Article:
These questions are just examples. The Security Policy will assist you more comprehensively in assessing different data. With this policy, you will be able to draw up a plan for identifying your priorities and protecting your assets in the best way possible. 

How to establish priorities?

At this point, you surely think that it will be difficult to completely secure all your sensitive data. You’re right: it’s literally impossible! Even for companies that have almost unlimited human or financial resources at their disposal, it’s unrealistic to reduce the risk to zero.

A good plan in cybersecurity is an appropriate response to a credible risk.

For example, it’s logical that a student locks their apartment door before leaving for class in order to protect their possessions. On the other hand, it would be absurd in this situation if this same individual were to go into debt due to using a biometric identification system and hiring two armed security guards fulltime to secure the access to their door.

If your plan is well organized, you will certainly avoid financial losses, but also the stress and anxiety of managing a crisis that comes with incidents.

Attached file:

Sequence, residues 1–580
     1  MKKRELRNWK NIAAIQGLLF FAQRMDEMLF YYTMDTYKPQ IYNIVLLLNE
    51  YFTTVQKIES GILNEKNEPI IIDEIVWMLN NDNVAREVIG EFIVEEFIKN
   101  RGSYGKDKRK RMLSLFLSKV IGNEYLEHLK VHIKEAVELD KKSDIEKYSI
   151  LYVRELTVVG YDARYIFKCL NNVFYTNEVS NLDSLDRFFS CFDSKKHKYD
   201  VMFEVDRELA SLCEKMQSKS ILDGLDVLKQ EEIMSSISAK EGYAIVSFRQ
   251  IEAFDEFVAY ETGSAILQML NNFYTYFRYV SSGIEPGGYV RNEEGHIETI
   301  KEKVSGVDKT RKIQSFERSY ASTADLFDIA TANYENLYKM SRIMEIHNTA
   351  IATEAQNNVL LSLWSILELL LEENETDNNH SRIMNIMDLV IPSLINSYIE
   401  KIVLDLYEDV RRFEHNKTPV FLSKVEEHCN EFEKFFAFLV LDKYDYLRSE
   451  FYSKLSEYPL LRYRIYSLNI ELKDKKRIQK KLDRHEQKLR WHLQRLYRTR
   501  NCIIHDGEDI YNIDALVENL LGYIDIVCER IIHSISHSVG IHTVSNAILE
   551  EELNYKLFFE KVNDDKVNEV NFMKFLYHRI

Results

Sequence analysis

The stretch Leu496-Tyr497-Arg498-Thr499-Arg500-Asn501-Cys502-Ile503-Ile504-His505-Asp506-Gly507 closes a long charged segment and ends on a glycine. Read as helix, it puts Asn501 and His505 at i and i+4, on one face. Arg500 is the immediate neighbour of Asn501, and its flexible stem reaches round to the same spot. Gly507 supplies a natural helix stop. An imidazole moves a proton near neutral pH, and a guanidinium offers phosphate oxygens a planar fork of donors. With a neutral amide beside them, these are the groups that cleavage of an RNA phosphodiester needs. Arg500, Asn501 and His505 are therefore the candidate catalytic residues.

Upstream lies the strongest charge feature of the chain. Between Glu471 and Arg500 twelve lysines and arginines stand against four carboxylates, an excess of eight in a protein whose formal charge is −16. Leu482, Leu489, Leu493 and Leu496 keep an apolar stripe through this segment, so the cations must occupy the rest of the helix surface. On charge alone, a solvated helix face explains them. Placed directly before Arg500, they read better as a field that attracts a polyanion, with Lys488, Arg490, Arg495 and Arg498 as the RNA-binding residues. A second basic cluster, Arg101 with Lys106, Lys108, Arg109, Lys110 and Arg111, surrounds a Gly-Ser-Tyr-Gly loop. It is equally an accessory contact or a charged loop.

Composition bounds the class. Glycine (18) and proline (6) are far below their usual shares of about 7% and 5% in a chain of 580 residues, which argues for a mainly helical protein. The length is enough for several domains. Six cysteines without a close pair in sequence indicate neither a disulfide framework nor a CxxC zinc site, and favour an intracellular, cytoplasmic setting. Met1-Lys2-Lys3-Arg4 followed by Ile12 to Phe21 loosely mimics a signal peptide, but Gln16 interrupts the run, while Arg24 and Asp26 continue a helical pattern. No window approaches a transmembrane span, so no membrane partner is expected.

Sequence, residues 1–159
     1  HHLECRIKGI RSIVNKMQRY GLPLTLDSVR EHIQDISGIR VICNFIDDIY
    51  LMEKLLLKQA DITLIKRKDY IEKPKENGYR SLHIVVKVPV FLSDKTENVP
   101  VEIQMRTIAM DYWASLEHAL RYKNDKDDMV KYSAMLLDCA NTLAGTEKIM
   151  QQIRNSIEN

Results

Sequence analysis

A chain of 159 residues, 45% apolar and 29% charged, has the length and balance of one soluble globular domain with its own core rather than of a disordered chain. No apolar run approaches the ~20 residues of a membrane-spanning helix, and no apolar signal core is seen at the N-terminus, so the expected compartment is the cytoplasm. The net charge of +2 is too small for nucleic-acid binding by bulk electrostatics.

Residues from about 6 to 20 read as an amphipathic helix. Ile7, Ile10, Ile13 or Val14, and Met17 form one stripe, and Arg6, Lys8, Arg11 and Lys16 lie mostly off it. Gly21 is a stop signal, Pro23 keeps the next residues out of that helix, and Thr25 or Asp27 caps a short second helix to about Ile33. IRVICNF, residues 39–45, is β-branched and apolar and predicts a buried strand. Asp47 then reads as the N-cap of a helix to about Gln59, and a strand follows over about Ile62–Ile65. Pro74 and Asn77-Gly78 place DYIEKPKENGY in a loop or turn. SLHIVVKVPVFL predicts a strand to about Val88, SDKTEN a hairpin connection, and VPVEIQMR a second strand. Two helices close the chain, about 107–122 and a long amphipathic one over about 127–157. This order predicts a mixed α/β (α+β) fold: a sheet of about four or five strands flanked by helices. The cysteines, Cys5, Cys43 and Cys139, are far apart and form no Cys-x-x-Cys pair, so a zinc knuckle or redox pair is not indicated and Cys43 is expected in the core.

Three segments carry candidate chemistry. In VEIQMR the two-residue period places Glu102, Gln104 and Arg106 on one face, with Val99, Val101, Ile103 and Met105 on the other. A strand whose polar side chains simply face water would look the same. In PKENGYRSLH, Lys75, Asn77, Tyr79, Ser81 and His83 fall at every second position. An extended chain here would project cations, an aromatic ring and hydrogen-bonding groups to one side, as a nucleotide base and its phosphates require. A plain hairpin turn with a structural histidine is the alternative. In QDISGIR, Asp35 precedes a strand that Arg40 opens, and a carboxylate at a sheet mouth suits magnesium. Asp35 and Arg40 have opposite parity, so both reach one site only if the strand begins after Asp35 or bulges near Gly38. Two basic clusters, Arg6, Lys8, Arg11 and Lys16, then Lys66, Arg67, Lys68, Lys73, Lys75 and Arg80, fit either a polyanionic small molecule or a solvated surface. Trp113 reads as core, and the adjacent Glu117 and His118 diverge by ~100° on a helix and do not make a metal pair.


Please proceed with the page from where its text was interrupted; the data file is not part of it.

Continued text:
This is why your work in cybersecurity aims to prioritize the weak points of your organization. In other words, the objective is to determine the risk level—and therefore, the priorities—by assessing the impact that a data compromise would have and the probability that the data would be compromised.

To do this, there’s a magic solution: you need to take inventory! (“Yay!!! I love taking inventory!”—said no one). We’ll discuss this thrilling step in more detail in the Security Policy. Please be patient. We know you’re eager to get started.


  • Understand what data is sensitive based on your context.
  • Identify the confidential and restricted data in your organization.
  • Take inventory to assess the risk associated with each sensitive data (see the Security Policy and risk matrix).
  • Establish a game plan to better protect the confidentiality and availability of sensitive data. 
Chapter 2 Passphrases All the Chapters